Apple Changes App Store License Agreement and Publishes New Review Guidelines with Relaxed Restrictions for Devs

This is huge. Apple has finally published new guidelines for the App Store review process which has some changes in it from the previous guideline, with the launch of iOS 4. This document is intended to be a guide to the rules that Apple is using to determine which app is acceptable or not, which means this document is very important for App Store developers. It covers different topics like how to develop the app, functionality of the software and some more technical things.


We are continually trying to make the App Store even better. We have listened to our developers and taken much of their feedback to heart. Based on their input, today we are making some important changes to our iOS Developer Program license in sections 3.3.1, 3.3.2 and 3.3.9 to relax some restrictions we put in place earlier this year.

In particular, we are relaxing all restrictions on the development tools used to create iOS apps, as long as the resulting apps do not download any code. This should give developers the flexibility they want, while preserving the security we need.

In the previous guideline, which was released with iOS 4, section 3.3.1 banned the use of third-party developer tools. This time, section 3.3.1 has changed and the entire italicized section has been removed from it. They do not mention any specific language for programming their apps anymore and it does not have any prohibition against “intermediary translation or compatibility layers”. Which means that tools like Adobe’s Flash cross-compiler are no longer banned for use. Now if you can produce a binary which compiles according to the guidelines then it is fine.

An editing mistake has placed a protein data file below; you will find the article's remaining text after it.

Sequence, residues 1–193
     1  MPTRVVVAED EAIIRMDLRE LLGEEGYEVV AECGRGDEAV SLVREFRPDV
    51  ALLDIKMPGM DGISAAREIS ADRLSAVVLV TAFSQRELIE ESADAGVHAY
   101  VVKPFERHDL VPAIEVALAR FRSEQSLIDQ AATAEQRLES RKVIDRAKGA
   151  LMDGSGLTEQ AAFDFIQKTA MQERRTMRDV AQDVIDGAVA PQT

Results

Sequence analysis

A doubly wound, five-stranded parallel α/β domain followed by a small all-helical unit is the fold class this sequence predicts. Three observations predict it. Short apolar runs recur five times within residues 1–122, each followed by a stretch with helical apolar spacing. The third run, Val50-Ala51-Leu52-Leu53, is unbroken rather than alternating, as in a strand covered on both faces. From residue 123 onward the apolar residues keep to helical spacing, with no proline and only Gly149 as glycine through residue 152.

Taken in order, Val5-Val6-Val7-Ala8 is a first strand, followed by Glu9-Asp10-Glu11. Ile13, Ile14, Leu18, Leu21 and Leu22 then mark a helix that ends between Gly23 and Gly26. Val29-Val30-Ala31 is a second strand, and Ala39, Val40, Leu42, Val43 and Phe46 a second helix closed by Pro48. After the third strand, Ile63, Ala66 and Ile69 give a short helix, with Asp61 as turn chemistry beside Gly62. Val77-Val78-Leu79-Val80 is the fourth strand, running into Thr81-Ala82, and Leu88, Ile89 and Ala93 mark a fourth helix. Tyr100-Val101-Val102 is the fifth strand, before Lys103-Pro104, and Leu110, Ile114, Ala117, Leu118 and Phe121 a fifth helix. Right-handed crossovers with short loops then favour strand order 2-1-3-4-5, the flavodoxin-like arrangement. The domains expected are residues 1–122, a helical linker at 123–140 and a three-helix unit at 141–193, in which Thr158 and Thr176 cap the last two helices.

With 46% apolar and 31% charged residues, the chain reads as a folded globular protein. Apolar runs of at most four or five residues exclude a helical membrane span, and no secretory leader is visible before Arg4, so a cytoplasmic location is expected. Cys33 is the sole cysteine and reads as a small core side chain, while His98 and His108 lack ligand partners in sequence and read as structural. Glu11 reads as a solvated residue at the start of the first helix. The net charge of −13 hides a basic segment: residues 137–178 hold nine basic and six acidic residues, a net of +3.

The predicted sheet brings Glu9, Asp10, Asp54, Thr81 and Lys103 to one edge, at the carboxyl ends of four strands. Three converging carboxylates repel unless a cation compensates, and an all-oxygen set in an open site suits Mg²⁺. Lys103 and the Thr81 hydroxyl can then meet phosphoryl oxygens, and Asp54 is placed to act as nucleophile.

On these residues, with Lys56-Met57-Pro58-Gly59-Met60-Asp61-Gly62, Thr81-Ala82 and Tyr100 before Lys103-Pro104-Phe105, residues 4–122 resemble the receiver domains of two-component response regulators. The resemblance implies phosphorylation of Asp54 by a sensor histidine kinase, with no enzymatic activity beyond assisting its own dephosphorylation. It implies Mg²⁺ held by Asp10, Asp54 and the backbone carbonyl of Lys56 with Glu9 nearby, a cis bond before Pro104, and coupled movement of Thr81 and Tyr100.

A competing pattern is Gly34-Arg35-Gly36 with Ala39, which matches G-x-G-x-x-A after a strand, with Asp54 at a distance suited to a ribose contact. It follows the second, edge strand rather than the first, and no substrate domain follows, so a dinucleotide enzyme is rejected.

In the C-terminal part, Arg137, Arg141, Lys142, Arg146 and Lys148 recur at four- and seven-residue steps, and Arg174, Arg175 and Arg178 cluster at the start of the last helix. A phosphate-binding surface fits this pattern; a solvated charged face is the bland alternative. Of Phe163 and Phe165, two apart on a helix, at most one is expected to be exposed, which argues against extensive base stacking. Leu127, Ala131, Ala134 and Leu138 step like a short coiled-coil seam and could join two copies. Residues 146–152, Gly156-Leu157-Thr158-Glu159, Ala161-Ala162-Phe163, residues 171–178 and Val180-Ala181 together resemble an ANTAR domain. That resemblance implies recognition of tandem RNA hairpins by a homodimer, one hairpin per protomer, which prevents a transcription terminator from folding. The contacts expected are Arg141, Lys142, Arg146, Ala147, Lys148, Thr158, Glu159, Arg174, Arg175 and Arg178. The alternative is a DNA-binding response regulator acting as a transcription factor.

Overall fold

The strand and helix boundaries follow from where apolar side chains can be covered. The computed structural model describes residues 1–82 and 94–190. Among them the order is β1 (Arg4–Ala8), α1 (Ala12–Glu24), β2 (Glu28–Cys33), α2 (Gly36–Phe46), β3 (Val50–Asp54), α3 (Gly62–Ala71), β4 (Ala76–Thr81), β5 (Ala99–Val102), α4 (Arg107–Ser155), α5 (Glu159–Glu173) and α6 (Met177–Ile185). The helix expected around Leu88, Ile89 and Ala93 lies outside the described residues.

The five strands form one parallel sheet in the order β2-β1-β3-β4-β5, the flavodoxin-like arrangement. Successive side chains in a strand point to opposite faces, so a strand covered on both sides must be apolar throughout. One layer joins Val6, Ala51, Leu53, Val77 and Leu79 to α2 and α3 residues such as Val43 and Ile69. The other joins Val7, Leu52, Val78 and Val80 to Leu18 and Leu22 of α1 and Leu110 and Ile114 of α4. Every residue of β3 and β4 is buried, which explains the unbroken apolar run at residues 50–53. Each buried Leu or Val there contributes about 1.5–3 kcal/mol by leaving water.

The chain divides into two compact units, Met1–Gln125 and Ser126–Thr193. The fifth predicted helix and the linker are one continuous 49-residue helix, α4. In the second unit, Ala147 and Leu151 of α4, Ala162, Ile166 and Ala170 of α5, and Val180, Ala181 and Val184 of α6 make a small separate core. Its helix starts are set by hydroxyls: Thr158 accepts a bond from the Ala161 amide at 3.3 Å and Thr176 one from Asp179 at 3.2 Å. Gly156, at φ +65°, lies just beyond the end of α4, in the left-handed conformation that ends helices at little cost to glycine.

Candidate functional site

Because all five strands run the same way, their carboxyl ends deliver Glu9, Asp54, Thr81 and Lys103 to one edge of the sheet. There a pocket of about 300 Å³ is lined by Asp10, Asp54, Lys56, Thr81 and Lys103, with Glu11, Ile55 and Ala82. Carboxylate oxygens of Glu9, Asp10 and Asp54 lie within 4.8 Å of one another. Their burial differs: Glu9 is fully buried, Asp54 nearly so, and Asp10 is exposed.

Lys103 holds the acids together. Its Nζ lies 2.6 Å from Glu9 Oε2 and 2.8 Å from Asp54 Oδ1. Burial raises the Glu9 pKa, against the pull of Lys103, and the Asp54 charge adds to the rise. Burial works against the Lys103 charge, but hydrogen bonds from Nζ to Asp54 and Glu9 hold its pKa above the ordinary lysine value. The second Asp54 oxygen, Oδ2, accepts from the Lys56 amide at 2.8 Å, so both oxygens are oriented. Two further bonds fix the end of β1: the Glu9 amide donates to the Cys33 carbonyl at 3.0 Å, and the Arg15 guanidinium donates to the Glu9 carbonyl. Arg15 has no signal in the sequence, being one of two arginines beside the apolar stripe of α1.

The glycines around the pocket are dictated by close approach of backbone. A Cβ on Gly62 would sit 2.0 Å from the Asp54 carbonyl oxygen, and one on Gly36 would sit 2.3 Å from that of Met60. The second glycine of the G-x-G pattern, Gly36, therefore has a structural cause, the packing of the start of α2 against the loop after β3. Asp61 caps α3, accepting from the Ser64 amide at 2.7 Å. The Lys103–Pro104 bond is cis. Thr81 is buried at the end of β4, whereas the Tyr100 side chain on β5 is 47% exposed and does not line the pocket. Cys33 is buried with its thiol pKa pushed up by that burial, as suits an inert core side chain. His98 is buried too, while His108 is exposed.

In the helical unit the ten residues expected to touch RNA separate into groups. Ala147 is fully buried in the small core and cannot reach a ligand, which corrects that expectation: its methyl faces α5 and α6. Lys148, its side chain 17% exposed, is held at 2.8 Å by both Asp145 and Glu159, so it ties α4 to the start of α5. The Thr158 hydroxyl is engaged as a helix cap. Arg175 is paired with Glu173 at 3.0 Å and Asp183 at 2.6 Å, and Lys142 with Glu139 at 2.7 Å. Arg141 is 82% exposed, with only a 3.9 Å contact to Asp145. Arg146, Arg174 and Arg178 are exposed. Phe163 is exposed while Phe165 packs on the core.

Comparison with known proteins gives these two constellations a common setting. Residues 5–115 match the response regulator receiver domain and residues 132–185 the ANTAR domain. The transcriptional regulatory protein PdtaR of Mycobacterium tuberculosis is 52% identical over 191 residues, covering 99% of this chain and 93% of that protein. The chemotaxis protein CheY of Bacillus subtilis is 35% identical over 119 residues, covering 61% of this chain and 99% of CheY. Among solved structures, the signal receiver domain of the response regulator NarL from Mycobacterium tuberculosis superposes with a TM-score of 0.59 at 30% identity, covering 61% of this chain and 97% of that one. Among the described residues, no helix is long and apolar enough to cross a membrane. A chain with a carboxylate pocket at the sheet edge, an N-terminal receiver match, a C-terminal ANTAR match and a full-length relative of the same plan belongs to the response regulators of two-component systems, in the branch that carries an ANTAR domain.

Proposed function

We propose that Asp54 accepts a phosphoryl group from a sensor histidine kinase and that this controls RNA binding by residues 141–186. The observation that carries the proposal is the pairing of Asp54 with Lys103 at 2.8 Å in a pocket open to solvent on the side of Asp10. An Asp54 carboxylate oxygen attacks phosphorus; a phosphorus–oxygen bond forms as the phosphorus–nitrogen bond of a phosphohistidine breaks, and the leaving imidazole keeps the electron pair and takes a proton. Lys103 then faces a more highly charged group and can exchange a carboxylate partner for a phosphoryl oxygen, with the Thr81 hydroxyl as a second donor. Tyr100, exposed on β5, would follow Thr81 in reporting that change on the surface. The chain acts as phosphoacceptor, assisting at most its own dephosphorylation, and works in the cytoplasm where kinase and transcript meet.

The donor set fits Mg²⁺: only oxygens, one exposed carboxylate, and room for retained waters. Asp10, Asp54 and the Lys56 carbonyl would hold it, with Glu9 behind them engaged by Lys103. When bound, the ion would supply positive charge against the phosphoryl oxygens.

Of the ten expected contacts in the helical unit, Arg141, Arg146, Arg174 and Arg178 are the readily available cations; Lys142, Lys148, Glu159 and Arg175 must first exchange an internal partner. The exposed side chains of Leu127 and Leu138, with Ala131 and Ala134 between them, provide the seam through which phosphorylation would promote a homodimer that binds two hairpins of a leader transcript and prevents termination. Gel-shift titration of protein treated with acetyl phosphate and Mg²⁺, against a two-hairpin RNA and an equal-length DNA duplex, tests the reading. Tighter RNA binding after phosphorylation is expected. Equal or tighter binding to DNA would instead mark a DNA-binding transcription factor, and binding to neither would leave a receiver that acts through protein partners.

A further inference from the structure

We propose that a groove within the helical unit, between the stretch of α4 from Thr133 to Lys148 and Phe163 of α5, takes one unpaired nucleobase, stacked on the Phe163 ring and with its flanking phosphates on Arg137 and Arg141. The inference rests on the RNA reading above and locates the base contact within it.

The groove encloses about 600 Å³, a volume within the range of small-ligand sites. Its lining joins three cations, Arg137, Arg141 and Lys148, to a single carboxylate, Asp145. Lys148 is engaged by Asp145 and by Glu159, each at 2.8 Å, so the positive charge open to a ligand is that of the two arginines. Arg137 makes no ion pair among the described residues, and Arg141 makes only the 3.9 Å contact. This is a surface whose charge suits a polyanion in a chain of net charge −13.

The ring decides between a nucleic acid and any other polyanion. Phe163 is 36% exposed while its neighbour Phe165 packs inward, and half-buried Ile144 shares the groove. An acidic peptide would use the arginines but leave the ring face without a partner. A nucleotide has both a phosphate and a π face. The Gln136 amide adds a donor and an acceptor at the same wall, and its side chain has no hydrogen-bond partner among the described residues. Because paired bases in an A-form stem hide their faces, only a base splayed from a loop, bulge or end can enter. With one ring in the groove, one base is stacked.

One other change is that there would be no more restriction on analytics data collection that appeared to essentially shut out Google-owned AdMob from the iOS platform. Apple never enforced this clause but still today AdMob chief Omar Hamoui thanked Apple for revising it.

While there are more changes in other sections but those changes are just change in language. The new guidelines also insist that developers make apps which are useful or entertaining to the user and the developers should not copy the theme of any other app. Apps like these will be rejected by Apple.

We have over 250,000 apps in the App Store. We don’t need any more Fart apps.

Porn apps are still not allowed.

About the Author

I am a student of computer science. My interests are software development and blogging. Been blogging since a year now. I mostly cover Apple news.

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